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Cathedral in Prabuty
Cathedral in Prabuty
Flag of Prabuty
Coat of arms of Prabuty
Coat of arms
Prabuty is located in Poland
Coordinates: 53°45′21″N 19°11′51″E / 53.75583°N 19.19750°E / 53.75583; 19.19750Coordinates: 53°45′21″N 19°11′51″E / 53.75583°N 19.19750°E / 53.75583; 19.19750
Country Poland
Town rights1330
 • MayorMarek Szulc
 • Total7.92 km2 (3.06 sq mi)
90 m (300 ft)
 • Total8,488
 • Density1,100/km2 (2,800/sq mi)
Time zoneUTC+1 (CET)
 • Summer (DST)UTC+2 (CEST)
Postal code
Area code(s)+48 55
Car platesGKW

Prabuty [praˈbutɨ] (German: Riesenburg) is a town in Kwidzyn County within the Pomeranian Voivodeship of northern Poland. Between 1975 and 1998, Prabuty were part of the Elbląg Voivodeship.

Geographical location[edit]

Prabuty is located approximately 18 kilometers east of Kwidzyn, 100 kilometers southeast of Gdańsk, 100 kilometers west of Olsztyn, and 133 kilometers southwest of Kaliningrad.

Prabuty is a rail junction on the WarszawaGdynia railway.


Kwidzyn Gate (Brama Kwidzyńska)

In 1236, the Teutonic Knights under Henry III, Margrave of Meissen, destroyed an Old Prussian fortress between the lakes Sorgensee[1] (jez. Dzierzgon) and Liwieniec. The town was first mentioned in 1250 as Riesenburg. The village grew around the castle and received Culm law city rights on 30 October 1330[2] from bishop Rudolf of Pomerania (1322–1332).

In 1451, the town council joined the Prussian Confederation that opposed the Teutonic Order, but bishop Kaspar Linke expelled the councilors and confiscated their property. After the Battle of Chojnice, in which Polish forces were defeated, the town sided with the Order again.[citation needed]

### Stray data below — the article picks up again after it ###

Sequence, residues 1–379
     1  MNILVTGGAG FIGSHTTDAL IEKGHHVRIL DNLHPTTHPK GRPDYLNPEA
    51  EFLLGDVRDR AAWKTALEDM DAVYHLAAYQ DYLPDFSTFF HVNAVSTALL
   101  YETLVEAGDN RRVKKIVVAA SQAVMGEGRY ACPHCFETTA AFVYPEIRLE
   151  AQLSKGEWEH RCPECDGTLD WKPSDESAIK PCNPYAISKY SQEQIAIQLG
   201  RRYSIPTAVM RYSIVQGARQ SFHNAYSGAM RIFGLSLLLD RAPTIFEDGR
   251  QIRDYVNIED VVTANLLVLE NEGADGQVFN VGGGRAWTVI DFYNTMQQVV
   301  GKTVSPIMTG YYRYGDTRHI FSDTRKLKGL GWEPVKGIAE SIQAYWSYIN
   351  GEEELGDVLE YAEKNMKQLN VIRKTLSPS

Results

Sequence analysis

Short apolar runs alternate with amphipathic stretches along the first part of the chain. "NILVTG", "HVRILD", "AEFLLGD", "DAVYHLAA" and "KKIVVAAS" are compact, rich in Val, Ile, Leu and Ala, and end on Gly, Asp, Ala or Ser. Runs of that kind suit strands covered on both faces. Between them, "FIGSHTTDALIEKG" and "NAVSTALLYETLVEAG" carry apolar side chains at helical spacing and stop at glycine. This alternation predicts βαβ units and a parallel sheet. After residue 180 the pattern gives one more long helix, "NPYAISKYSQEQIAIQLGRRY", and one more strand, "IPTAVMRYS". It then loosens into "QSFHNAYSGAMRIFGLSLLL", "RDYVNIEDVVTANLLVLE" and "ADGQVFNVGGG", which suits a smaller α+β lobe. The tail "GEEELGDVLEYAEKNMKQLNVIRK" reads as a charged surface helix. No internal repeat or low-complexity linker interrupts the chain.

After the Thirteen Years' War and the Second Peace of Thorn (1466), the town became a Polish fief, although Pomesanian bishops retained their rule over the area. In 1556, a synod was held in the town. In 1525 the town became part of Ducal Prussia, a vassal state of Poland.

Riesenburg suffered during the 17th century Polish-Swedish wars. In 1628, half of it was burnt down, and in 1688 the remainder was burned.[3] In 1722, fire caused destruction once again.[3]

In 1701, as part of Ducal Prussia, the town became a part of the Kingdom of Prussia and part of the newly created province of West Prussia in 1773. In 1871, the town became part of the German Empire in the framework of the Prussian-led unification of Germany. Until 1919, Riesenburg belonged to the administrative district of Regierungsbezirk Marienwerder in the Province of West Prussia.

After World War I, a referendum was held concerning the future nationality of the town, which remained part of Weimar Germany. From 1920 to 1939, Riesenburg belonged to the administrative district of Regierungsbezirk Westpreußen in the Province of East Prussia and from 1939 until 1945 to the district of Regierungsbezirk Marienwerder in the province of Reichsgau Danzig-West Prussia.

The town was captured by the Soviet Red Army in 1945 during World War II. It then became part of Poland. Most of the native East-Prussian inhabitants were expelled and resettled by Poles from regions east of the Curzon Line, in particular from the former Polish Eastern Borderlands.

Heinz Heydrich (1905–44), brother of Reinhard Heydrich, is buried in a soldier cemetery Riesenburg, according to the Deutsche Dienststelle (WASt).

Saint Andrew church

Number of inhabitants by year[edit]

Year Number
1777 1,797
1782 1,878
1831 2,722
1875 3,542
1880 3,718
1890 4,586
1900 5,032
1905 4,826
1925 5,340
1933 6,116
1939 8,093
2006 8,488


Notable residents[edit]

  • Peter I, Grand Duke of Oldenburg (1755–1829) the Regent of the Duchy of Oldenburg for his incapacitated cousin William I from 1785-1823 and then served himself as Duke from 1823-1829.
  • Adolf Treichel (1869–1926), German politician, President of the Volkstag (Free City of Danzig)
  • Charlotte Wolff (1897–1986) a German-British physician who worked as a psychotherapist and wrote on sexology and hand analysis. Her writings on lesbianism and bisexuality were influential early works in the field.
  • Karl F. Masuhr (born 1939), German author


  1. ^ Geschichte von Prabuty – Riesenburg
  2. ^ "History of Prabuty".
  3. ^ a b c Johann Friedrich Goldbeck: Volständige Topographie des Königreichs Preussen. Part II: Topographie von West-Preussen, Marienwerder 1789, p. 6, no 2.
  4. ^ Meyers Großes Konversations-Lexikon, 6th edition, Vol. 16, Leipzig 1909, pp. 925–926.
  5. ^ Michael Rademacher: Deutsche Verwaltungsgeschichte Provinz Westpreußen, Kreis Rosenberg (2006).
  6. ^ August Eduard Preuß: Preußische Landes- und Volkskunde. Königsberg 1835, p. 441.

External links[edit]